And as you might have guessed, going to an international school meant going to school with people from all over the world. Sure there was an large American population at my school, but there were people from all over Europe and many from Asia thrown in for good measure. Just within my main group of friends, there were people of 13 different nationalities and those people are now spread out all over the world. Literally. Luckily my best friend ended up going to school about 5 hours away from me, but for the most part people are now all over the world. Most of them I haven’t seen since we graduated six years ago. Not because I haven’t wanted to see them, but because it’s just not feasible because of geography. 

Whenever I read books, and this is especially true of contemporary, I see these events the characters go to, or the relationships that some of the characters have and they’re often things I’ve never experienced. I thought about that when I read Emery Lord’s The Start of Me and You. The relationship that Paige has with her three best friends is something I’ve never had. Of course I have friends. And being in my twenties, some of those friends are ones I’ve had for a long time now. But I can’t say that I have the kind of friendship with my friends that Paige has with her’s. That feeling of knowing everything about your friends because you’ve lived through it with them, of having someone who knows exactly what you’re talking about because they were right there with you for it. I have some of that, but never to the extent that I often see in books.

And then there are the books about sports. I’m drawn to those to begin with because I consider myself to be a pretty athletic person and I was involved with sports in school, but there’s more to it than that. It’s always interesting for me to see how into sports and school spirit students and their community can get. My school had a football team. And they had games that people went to. But to be completely honest, the bleachers were often pretty sparse and for most of my time in middle and high school, our football team wasn’t exactly the greatest. So seeing a whole town go all out for a football game the way you see in Catching Jordan or for a baseball game like in Play On is completely foreign. My school’s understanding of Homecoming was that all the sports team had home games that weekend. There was no dance involved, no huge football game (just a regular one that drew a slightly bigger crowd). For the most part, it was just a weekend like any other.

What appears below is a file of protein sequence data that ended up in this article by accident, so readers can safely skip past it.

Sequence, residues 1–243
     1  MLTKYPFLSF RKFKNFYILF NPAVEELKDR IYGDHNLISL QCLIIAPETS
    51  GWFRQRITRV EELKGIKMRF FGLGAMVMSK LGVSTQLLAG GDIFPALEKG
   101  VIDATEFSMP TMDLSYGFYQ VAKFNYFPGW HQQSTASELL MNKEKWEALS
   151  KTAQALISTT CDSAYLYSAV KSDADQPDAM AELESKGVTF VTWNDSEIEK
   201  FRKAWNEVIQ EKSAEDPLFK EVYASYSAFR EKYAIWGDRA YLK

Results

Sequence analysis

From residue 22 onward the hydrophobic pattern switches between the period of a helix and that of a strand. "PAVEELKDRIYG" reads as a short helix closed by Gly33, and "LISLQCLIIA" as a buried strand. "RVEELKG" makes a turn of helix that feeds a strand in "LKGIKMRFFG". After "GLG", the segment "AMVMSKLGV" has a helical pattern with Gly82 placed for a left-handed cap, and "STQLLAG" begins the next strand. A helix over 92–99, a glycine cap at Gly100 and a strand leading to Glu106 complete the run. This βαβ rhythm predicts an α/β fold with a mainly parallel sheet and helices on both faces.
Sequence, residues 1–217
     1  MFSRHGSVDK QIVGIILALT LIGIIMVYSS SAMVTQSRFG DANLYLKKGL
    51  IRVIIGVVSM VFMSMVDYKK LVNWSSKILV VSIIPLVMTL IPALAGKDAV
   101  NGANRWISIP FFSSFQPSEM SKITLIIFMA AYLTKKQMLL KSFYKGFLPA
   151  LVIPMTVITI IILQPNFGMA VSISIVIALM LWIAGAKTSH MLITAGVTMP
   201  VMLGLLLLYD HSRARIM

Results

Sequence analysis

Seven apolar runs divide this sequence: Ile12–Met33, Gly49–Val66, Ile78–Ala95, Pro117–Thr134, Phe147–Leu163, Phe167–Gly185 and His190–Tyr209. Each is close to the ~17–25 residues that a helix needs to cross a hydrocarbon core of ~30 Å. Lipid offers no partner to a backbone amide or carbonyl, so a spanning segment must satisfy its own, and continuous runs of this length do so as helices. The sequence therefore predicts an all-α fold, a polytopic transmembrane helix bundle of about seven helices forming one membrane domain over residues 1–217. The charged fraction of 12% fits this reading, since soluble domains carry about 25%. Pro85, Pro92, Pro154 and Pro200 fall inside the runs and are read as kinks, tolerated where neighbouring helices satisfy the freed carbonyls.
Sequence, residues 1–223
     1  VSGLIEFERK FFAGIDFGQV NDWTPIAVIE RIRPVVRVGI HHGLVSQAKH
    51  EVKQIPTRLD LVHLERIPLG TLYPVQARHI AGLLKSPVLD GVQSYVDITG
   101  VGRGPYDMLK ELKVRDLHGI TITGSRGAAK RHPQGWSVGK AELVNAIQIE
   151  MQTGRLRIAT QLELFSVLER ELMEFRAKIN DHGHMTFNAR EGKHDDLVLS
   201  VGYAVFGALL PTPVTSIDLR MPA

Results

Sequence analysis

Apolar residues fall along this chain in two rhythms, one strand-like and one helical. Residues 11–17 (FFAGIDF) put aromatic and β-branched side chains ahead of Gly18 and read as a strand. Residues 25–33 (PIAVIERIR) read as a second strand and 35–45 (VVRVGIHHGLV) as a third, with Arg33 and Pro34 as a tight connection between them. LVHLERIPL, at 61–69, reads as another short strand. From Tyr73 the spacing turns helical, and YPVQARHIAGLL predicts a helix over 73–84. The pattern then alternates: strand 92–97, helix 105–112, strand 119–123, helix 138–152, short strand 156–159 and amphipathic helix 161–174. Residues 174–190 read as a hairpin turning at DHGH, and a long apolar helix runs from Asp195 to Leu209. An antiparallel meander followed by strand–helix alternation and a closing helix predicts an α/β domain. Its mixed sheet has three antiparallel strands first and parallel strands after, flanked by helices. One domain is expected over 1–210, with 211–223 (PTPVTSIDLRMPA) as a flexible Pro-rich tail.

So what’s the real point of this post, you might be wondering. My experience doesn’t even come close to what I read in most YA books, which is why I can find them so interesting. And my background probably affects my reviews of those books. I can relate to some aspects, but for the most part what I read is so completely different from what I experienced. There aren’t really any books out there that reflect my experience. Or at least I haven’t found them. Anna and the French Kiss and Isla and the Happily Ever After sort of come close, but my school wasn’t a boarding school and it wasn’t open to people of just one nationality. So even then, it’s still not really the same. To my knowledge, there aren’t really any YA books that accurately represent going to high school overseas the way I did. If you know of any, please let me know because I would love to read them!

Hopefully this post wasn’t too long and rambly, and hopefully you learned a little more about me! I am curious though, have you been able to find books that are pretty representative of your own high school experience?